Osteoporosis: 7 myths
Osteoporosis affects the bone tissue and results in the loss of bone mass. Consequently, the bones become more porous and therefore weaken. Although we hear more and more about this disease, certain myths are still widely spread. Here is a list of 7 myths about osteoporosis and the truth behind them.
1- Osteoporosis is a woman’s disease
Although more women are affected by this disease, mainly due to the decrease in oestrogen levels after menopause, the fact remains that a lot of men are also affected by it (10 to 25% of them). In rare cases, children can even suffer from osteoporosis.
2- People with osteopenia will automatically suffer from osteoporosis
Osteopenia is linked to a low bone density and is often a precursor of osteoporosis. However, people living with osteopenia will not necessarily develop osteoporosis. In many cases, osteopenia affects only a region of the body and does not result in a generalized loss of bone mass.
3- People suffering from osteoporosis will inevitably suffer from a bone fracture
According to statistics, 1 in 2 women and 1 in 4 men living with osteoporosis will fracture a bone. However, many people with normal bone mass also break a bone at some point in their life. Therefore, there is not an automatic cause and effect relation between the two although the risk remains high.
4- Osteoporosis is not a serious illness
On the contrary, osteoporosis is a serious illness that can even be fatal. On top of the risk of the loss of autonomy that comes with this disease, a large number of the bone fractures linked to osteoporosis are fractures of the hip. This type of fracture is not benign as more than 25% of the people who have experienced such a fracture die within 6 to 12 months. The main causes are the complications linked to the replacement and operation of the hip (pneumonia, heart attacks, infections…).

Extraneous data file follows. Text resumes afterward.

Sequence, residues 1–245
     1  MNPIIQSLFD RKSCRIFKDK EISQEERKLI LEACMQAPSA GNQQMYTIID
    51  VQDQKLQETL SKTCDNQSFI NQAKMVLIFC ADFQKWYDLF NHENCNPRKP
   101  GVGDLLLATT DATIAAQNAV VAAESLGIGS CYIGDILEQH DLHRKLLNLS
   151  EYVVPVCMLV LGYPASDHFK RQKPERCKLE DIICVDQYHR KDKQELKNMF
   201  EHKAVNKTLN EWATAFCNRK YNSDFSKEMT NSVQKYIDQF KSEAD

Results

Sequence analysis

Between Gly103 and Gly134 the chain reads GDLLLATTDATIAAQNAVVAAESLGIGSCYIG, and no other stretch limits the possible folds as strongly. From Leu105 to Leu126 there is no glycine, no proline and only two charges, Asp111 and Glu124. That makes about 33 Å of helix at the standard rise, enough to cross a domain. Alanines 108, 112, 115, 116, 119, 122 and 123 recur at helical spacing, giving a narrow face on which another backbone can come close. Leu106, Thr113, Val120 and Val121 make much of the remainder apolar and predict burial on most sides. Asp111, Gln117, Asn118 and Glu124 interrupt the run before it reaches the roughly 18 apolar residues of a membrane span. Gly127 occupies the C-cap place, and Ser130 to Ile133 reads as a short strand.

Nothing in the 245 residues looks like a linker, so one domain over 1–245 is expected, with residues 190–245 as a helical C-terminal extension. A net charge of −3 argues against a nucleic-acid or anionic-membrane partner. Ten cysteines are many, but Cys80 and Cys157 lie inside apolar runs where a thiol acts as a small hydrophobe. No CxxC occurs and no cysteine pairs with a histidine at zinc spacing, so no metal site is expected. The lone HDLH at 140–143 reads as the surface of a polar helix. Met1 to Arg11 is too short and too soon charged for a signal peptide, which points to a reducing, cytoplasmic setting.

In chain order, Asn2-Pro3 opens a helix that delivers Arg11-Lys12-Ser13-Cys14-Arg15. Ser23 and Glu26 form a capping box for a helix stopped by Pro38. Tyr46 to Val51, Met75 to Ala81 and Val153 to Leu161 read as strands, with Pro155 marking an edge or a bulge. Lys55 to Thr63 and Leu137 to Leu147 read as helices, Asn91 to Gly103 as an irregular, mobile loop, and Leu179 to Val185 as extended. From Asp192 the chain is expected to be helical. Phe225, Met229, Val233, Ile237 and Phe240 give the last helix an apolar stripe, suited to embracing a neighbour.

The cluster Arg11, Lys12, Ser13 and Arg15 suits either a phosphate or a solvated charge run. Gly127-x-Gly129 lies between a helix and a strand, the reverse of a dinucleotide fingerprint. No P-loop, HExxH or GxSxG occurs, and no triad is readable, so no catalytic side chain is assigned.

5- Osteoporosis is not a common disease
In Canada, 2 million people suffer from this disease. The problems linked to bones and articulations are such that the United Nations devoted the decade stemming from 2000 to 2010 to the prevention of osteoporosis and other bone and joint diseases.
6- Osteoporosis is a normal part of aging
This statement is false for two reasons. First of all, because osteoporosis, and therefore the loss of bone mass, can affect people in their forties and even in their twenties or thirties. Second of all, because genetics and other factors such as medical history, smoking and eating habits can put you more at risk to developing this disease.
7- There is no way to prevent osteoporosis
Osteoporosis is not inevitable. On the contrary, certain factors that lead to the loss of bone mass can be controlled (see our article 5 effective tricks to fight osteoporosis!). Combining a healthy lifestyle and a natural supplement such as Genacol Bone & Joint helps to prevent and fight osteoporosis.